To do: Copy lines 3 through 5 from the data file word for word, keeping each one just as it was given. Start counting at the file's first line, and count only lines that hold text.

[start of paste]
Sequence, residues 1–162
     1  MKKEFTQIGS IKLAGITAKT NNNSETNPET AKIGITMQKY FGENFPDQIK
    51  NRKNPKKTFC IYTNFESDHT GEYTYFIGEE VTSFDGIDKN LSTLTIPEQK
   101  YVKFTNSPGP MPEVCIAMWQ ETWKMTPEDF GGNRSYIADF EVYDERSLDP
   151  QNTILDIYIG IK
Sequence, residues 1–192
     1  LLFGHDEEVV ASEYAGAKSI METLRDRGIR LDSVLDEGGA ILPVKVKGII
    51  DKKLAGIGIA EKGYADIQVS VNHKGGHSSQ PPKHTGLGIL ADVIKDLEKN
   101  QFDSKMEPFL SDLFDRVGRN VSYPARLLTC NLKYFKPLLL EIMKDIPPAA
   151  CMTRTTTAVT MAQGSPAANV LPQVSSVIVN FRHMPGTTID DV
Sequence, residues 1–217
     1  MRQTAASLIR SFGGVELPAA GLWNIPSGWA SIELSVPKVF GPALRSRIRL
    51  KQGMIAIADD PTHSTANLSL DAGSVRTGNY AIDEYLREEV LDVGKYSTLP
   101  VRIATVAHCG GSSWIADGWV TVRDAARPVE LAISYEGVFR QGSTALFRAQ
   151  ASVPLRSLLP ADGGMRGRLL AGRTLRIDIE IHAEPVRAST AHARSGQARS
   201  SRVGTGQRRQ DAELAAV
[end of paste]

    51  NRKNPKKTFC IYTNFESDHT GEYTYFIGEE VTSFDGIDKN LSTLTIPEQK
   101  YVKFTNSPGP MPEVCIAMWQ ETWKMTPEDF GGNRSYIADF EVYDERSLDP
   151  QNTILDIYIG IK